Complete withdrawal of the Fugitive Offenders Bill leaves one of five demands met, and other big news stories from today.
Photo: Screenshot from Carrie Lam’s official video broadcast announcing the formal withdrawal of the extradition bill.
Full withdrawal of the extradition bill:
A lot has happened today in Hong Kong. First and foremost, the formal withdrawal of the Fugitive Offenders Bill marks a moment protesters have fought for all summer long. Carrie Lam’s speech which was broadcast earlier today officially stated the withdrawal of the controversial law, hoping to open up inclusive dialogue. Carrie Lam also introduced two new officials to join the IPCC probe on police misconduct and gives the watchdog full support in the investigation. Although this announcement is nothing short of a big deal, it is a mere one-fifth of the demands that are now met. Critics such as pro-democracy lawmaker Claudia Mo say this move has come “too little too late”.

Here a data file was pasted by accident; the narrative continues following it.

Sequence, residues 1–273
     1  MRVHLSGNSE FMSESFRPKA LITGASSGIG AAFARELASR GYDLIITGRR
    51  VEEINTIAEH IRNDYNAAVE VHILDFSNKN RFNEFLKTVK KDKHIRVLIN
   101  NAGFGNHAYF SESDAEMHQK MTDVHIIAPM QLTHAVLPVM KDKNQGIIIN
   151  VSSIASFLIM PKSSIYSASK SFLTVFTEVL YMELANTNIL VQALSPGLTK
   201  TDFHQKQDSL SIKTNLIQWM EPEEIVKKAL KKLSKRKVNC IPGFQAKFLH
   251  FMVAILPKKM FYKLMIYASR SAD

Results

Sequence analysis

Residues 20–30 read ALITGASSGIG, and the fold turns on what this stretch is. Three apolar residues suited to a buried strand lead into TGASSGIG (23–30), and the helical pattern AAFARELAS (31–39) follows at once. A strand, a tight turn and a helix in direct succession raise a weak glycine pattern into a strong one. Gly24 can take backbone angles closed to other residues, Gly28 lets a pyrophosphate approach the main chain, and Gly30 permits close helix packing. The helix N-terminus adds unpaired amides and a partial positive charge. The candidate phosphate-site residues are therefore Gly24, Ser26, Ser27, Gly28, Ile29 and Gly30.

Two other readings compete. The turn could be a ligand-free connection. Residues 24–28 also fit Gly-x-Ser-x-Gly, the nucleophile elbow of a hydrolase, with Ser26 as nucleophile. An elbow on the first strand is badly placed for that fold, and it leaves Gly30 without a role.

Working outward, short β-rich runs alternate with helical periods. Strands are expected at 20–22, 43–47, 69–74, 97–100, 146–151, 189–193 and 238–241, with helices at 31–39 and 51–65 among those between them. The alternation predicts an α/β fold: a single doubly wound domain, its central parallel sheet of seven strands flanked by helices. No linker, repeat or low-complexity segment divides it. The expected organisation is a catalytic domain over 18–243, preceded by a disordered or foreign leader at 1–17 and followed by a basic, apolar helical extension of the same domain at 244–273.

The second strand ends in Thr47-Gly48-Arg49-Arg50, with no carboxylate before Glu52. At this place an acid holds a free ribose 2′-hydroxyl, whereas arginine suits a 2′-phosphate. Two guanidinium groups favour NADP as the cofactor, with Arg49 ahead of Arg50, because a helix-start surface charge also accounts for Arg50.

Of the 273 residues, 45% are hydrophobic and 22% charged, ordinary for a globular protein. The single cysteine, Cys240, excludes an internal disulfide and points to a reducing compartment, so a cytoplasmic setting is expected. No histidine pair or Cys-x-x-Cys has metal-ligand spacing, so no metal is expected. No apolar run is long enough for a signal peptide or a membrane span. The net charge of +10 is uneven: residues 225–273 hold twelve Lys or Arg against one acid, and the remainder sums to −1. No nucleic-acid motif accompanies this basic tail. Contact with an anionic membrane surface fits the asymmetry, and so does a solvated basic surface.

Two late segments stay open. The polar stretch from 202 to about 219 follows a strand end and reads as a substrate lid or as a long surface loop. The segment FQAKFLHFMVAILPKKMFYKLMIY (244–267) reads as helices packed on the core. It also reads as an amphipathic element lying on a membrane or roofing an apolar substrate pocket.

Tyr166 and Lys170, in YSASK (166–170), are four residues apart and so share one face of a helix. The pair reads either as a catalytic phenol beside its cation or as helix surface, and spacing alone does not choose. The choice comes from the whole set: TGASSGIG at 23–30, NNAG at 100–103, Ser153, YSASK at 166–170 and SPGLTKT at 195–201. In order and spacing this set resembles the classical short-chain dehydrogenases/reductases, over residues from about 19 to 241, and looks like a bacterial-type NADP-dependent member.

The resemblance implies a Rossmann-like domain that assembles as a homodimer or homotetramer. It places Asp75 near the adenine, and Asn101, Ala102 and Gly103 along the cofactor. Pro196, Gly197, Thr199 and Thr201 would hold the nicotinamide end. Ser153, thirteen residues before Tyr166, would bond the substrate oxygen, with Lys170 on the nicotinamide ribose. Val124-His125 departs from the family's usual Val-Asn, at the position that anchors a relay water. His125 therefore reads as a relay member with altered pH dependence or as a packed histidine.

These announcements have concocted a maelstrom of emotions, with prominent protesters such as Joshua Wong tweeting that this announcement has come out of touch with the people – HK’s turmoil has left an “irreversible scar” on the city and there are four other demands that need attending to. Twitter account @HongKongHermit is conducting a 24 hour poll of reactions to the bill’s withdrawal, which as of writing this article 74% of respondents would only settle when all five demands are met, one of which includes an independent inquiry.
Other big news:
The IPCC has recruited five foreign experts to aid with the probe on police misconduct. They come from Canada, UK, New Zealand and Australia.
John Slosar resigned from his position as chairman for Cathay Pacific, which the airline then announced the appointment of Patrick Healy to replace Slosar as chairman. Slosar left with an encouraging message to CX staff, saying to “have confidence” in these troubling times. He notes that his resignation is due to his retirement.
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